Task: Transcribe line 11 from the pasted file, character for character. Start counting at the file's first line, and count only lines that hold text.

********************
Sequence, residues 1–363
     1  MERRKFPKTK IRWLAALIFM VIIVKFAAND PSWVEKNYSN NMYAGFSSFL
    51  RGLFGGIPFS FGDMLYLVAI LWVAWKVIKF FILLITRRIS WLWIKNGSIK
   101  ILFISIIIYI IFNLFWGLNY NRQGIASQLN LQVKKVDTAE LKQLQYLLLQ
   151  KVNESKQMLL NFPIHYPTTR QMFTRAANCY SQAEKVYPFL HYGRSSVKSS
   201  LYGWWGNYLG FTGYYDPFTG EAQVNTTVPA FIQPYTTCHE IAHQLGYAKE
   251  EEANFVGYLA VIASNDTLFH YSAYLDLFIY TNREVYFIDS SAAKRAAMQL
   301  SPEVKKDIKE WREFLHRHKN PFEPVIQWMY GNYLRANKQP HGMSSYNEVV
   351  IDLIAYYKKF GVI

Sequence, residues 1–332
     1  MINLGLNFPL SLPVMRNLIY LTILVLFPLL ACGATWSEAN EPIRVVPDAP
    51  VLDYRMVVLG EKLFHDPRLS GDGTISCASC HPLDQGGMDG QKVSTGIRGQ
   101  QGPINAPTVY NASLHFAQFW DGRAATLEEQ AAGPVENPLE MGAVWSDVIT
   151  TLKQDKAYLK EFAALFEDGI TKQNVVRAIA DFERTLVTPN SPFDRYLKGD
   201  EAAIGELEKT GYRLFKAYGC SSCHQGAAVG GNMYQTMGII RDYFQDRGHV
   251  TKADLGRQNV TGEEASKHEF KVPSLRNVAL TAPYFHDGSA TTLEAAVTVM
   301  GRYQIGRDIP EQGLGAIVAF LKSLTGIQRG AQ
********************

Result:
     1  MINLGLNFPL SLPVMRNLIY LTILVLFPLL ACGATWSEAN EPIRVVPDAP